Availability, Nutrition, and Recipe Suggestions

bulb fennel bulb fennel

In Season:  Fennel bulbs are relatively slow growing and are available starting in July.

Storage:  Fennel is prone to rapid dessication and is best stored in plastic bags in the fridge; its recommended to separate the fronds (leaves) from the bulb.  Foodal has an extensive list of fennel storage suggestions.

Preservation:  You could freeze fennel if you don’t mind the changed texture, otherwise pickled fennel is a delicious option.

Production Notes:  We grow a limited crop of fennel each season; typically harvesting fresh fennel beginning in July and continuing into the fall.  We’ll often leave the fennel leaves (aka fronds) attached because of their popularity in Portuguese Fennel Soup.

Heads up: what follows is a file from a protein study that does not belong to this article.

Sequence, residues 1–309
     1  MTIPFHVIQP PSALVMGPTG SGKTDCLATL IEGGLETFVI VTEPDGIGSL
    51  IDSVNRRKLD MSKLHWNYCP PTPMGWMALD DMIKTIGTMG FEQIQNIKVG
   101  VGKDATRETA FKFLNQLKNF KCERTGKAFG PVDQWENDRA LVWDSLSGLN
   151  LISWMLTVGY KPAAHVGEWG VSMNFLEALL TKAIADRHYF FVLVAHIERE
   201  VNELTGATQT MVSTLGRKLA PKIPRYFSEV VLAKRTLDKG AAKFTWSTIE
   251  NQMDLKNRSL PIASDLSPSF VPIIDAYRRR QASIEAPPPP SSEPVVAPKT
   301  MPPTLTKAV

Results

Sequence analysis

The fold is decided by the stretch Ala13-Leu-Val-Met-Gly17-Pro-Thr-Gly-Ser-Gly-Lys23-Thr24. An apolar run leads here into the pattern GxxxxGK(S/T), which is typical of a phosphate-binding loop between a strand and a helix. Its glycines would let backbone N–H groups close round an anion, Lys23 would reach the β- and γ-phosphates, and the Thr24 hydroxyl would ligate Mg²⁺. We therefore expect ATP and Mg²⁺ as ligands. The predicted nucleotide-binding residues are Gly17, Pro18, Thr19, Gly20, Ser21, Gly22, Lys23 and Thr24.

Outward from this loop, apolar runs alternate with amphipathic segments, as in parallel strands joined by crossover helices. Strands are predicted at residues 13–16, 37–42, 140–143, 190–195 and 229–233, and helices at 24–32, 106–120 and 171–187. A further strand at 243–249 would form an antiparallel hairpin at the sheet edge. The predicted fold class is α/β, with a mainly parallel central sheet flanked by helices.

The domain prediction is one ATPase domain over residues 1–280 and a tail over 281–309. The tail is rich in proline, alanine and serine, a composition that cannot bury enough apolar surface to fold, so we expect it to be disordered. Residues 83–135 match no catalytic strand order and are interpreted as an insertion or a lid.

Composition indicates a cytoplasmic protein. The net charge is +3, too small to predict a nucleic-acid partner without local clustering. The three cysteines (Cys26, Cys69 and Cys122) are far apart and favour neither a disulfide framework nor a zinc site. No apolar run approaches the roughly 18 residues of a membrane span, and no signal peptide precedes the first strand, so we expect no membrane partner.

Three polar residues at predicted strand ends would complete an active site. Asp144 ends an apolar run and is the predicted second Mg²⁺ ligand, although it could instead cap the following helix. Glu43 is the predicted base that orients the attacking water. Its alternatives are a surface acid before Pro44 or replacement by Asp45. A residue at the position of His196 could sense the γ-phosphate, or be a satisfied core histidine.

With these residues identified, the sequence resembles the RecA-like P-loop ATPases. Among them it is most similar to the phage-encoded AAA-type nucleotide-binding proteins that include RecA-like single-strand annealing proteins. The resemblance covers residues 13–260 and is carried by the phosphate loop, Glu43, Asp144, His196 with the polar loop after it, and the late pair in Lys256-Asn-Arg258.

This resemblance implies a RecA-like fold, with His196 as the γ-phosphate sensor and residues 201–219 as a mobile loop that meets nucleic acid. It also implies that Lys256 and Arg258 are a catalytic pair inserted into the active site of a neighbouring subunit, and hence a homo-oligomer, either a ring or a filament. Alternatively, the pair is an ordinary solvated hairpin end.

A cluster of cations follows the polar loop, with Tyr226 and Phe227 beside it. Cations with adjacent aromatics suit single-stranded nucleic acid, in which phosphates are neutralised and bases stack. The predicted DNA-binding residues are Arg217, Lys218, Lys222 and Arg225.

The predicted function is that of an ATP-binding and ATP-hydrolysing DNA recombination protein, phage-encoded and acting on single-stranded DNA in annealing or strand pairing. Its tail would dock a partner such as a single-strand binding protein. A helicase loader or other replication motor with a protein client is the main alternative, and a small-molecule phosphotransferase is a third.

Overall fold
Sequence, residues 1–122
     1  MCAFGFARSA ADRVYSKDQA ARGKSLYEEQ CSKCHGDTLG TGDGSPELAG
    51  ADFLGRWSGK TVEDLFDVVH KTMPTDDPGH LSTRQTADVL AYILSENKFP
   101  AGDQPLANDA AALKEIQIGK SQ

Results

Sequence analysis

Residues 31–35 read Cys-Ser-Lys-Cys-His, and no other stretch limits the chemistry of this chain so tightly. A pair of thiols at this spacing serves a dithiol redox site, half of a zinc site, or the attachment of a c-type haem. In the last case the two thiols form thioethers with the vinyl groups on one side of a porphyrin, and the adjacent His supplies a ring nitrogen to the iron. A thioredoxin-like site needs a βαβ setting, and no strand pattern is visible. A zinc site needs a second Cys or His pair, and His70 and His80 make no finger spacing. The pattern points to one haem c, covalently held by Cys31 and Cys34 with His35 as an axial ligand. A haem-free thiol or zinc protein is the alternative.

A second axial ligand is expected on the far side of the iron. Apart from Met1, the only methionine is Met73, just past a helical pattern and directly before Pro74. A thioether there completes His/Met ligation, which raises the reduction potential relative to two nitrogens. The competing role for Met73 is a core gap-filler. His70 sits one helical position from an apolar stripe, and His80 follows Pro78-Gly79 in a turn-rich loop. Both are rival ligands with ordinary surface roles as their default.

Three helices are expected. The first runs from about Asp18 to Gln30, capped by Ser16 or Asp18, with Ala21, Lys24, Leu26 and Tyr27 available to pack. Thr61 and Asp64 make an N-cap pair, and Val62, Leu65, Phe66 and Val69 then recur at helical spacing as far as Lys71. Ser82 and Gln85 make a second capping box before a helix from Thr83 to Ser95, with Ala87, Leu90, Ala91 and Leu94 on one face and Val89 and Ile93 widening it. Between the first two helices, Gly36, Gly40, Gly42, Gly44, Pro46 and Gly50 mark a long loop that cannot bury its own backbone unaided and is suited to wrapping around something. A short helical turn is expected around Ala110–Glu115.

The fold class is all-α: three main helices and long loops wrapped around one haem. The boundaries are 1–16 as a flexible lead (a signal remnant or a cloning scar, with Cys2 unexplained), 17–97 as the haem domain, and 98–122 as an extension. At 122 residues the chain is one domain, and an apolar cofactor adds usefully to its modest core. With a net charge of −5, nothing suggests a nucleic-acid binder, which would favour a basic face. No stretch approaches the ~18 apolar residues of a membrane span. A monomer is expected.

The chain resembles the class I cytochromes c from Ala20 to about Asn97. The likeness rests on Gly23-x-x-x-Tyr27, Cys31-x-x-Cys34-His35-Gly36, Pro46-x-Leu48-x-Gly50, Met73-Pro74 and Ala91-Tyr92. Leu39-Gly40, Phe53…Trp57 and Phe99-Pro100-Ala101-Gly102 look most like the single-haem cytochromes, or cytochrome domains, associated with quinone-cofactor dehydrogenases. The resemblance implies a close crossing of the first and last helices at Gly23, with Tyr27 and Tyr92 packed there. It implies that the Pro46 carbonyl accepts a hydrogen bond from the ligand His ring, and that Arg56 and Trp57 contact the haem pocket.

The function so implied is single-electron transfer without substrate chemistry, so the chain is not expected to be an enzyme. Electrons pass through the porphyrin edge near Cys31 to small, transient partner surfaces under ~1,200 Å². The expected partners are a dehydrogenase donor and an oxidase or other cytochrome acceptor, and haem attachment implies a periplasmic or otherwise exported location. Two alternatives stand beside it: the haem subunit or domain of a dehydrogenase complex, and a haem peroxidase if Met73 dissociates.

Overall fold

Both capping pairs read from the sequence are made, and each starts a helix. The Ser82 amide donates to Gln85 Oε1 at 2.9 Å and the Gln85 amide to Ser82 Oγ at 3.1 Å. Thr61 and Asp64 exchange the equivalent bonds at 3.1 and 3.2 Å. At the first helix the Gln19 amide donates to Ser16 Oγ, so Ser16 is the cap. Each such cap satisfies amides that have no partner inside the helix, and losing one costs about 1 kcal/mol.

Varieties:  Over the years we have shifted toward hybrid fennel varieties for their greater bulb potential; currently we seed Preludio and Orazio from Johnny’s Selected Seeds and High Mowing Organic Seeds.

Nutrition:  Among it’s noted vitamins and minerals Fennel is a good source of Vitamin C [WHFoods.com]

Deep Nutrition:  Fennel has been a focus of recent research focusing on cancer cells, it’s phytonutrient Anethole has been shown to reduce inflammation [Medical Daily].

Deep Science:  Traditionally used as a digestive aid, Dr Mercola notes studies showing fennel seed as a suitable treatment for colic.

Preparation:  Fennel should be rinsed well; it has a tendency to accumulate a bit of dirt between the layers if we experience thunderstorms.  We suggest chopping the base to separate the fronds.  Slice the bulb thinly or thickly depending on your recipe needs.

Fennel Recipe Suggestions:  Anise Flavored (aka Licorice) Vegetable Delights

  • Fennel Fronds can be used to make pesto, juiced, and/or paired with fish [Genius Kitchen]